The National Joint Registry (NJR) collects information about hip, knee, ankle, elbow and shoulder joint replacement operations (arthroplasty) from all participating hospitals in England, Wales, Northern Ireland, the Isle of Man and the States of Guernsey. As the largest data collection of its kind in the world, the NJR has been described in UK Parliament as a global exemplar of an implantable medical devices registry.
The registry’s purpose is to record patient information and provide data on: the performance and longevity of replacement joint implants; the surgical outcomes for the hospitals where these operations are carried out; and on the performance outcomes of the surgeons who conduct the procedures.
We produce this Annual Report, summarising our work and sharing the analysis of data for the past year, visually in tables and graphs, for procedures across each of the joints, as well as implant and hospital outcomes. Our report this year also has a special feature on the considerations around how PROMs outcome data might be incorporated with NJR routine data to include the very valuable patients perspective on the success of joint replacement outcomes. The report also includes some short excerpts which showcase the value of our rich data pool in contributing to NJR’s supported orthopaedic research activity.
Registry data for the surgery that has taken place this past year have again been analysed by expert statisticians and the results published with the continued aim of enhancing safety and improving clinical outcomes for the benefit of patients and the whole orthopaedic healthcare sector – device outcome results are also shared with implant manufacturers. The report also includes some short excerpts which showcase the NJR’s contribution to orthopaedic research activity, illustrating the value of the use of this collected data.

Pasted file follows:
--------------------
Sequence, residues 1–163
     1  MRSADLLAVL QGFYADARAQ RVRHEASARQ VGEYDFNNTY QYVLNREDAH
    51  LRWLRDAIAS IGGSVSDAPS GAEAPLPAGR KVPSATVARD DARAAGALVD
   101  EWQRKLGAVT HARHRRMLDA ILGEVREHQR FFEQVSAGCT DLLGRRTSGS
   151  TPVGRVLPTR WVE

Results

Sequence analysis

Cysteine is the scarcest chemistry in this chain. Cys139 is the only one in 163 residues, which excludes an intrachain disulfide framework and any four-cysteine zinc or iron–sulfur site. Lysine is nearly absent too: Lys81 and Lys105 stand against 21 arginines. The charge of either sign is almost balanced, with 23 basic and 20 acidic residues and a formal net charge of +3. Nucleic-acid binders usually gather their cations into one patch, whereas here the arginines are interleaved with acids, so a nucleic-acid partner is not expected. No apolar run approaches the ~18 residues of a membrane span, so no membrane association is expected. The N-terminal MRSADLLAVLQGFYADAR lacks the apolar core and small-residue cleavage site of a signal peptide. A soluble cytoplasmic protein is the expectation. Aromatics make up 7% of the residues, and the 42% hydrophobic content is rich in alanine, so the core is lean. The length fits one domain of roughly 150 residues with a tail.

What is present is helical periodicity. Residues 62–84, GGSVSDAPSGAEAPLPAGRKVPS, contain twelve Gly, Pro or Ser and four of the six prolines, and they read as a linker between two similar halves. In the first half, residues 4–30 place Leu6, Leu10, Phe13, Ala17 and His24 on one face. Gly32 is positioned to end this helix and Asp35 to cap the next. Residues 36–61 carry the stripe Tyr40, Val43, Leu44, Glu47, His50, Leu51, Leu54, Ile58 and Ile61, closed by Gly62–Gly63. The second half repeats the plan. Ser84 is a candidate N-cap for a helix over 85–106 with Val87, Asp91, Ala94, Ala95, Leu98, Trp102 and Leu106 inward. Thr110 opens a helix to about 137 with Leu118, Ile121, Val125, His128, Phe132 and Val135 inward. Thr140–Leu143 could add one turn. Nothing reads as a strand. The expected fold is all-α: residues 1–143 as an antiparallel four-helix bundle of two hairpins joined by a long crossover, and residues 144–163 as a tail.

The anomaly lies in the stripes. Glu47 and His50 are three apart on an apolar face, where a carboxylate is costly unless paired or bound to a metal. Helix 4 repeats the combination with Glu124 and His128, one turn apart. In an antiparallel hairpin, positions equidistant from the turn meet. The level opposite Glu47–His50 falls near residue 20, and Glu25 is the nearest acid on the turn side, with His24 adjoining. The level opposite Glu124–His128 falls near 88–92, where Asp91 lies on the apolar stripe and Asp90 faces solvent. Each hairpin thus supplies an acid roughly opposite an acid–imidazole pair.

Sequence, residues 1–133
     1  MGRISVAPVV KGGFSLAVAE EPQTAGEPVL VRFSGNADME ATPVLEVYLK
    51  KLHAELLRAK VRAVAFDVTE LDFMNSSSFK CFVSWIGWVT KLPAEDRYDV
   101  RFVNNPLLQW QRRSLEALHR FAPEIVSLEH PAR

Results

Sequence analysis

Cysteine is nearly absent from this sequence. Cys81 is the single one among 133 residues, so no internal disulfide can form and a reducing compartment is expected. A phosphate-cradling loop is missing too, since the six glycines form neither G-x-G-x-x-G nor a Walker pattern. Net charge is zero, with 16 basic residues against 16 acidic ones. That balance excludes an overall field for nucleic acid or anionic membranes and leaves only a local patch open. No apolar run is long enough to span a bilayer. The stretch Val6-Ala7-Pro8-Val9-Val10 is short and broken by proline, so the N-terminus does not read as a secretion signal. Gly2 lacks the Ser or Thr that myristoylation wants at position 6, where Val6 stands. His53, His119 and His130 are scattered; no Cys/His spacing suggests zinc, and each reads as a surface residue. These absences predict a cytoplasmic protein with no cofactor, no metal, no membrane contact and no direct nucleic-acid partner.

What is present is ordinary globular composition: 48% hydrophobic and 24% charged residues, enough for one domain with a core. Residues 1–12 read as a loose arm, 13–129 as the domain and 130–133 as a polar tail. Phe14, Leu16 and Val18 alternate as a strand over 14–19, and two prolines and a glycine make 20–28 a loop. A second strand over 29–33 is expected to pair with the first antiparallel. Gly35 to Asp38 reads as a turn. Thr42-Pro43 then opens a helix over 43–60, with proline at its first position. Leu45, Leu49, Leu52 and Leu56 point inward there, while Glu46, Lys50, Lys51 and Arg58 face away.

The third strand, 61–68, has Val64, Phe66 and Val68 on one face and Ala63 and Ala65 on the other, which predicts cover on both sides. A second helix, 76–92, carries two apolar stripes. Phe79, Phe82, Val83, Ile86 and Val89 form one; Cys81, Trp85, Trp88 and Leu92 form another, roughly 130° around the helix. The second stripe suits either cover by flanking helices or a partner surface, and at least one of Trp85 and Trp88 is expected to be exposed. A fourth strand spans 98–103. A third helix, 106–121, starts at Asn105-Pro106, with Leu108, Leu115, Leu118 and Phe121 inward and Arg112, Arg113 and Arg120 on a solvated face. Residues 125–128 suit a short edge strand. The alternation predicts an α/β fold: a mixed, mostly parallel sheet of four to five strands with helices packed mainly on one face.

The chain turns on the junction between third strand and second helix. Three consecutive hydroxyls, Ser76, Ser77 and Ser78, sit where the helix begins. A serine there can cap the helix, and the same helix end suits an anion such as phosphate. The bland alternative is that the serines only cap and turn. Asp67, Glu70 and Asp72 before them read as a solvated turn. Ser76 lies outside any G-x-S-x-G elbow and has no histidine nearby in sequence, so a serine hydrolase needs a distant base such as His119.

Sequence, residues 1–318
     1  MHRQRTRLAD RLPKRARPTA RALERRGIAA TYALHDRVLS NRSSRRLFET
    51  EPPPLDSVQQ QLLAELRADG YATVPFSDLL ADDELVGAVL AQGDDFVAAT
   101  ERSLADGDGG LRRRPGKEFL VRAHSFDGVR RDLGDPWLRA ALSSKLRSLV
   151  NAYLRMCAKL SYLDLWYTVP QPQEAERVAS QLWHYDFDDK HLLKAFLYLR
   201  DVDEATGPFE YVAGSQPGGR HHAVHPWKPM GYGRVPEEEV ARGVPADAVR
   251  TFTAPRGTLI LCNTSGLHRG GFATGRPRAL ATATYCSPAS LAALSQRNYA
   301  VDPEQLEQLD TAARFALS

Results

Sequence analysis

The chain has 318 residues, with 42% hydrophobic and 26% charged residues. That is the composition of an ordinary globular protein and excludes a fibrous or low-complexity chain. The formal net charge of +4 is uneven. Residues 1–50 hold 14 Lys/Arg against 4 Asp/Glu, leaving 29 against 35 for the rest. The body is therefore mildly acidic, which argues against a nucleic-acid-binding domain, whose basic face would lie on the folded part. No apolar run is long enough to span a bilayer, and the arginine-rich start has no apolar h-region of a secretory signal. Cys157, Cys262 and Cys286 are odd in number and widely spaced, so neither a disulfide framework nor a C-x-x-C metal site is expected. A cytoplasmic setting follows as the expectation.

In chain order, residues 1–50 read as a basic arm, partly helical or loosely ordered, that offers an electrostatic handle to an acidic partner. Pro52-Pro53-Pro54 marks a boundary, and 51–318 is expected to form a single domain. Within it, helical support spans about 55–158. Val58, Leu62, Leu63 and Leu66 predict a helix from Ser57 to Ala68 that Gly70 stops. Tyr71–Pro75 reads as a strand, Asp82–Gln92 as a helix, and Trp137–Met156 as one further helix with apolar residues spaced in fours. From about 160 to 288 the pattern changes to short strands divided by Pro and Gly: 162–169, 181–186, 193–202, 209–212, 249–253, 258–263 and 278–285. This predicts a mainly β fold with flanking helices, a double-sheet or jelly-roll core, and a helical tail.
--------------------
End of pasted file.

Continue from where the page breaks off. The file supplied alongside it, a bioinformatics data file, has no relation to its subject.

The work of the NJR and the contribution of patients
The registry has shown that orthopaedic surgery, as one of the main uses of implant devices in the UK, is demonstrating the highest standards of patient safety with regard to their use. Patient representatives are actively involved in our workstreams and committees. With around 3.7 million records, registry data are also made available under strict security conditions to medical and academic researchers, to further progress the pool of work in measuring and understanding which practices provide better outcomes.
Our data collection and analysis work provides the evidence to drive continuous development and implementation of measures, to ensure implant safety and the enhancement of patient outcomes is always top of the agenda alongside a focus on reduced revision rates year on year; as well as improvements in standards in quality of care, whilst also addressing overall cost-effectiveness in joint replacement surgery.
We are very grateful to all patients, who having undergone a joint replacement, have provided their data to the NJR over the years, which has enabled us to collect and develop such a rich and valuable data source. The registry is also appreciative of the work of data entry staff in all participating hospitals, who willingly engage in our stringent data quality award programmes to ensure our information is of high quality, accurate, and as complete as is possible.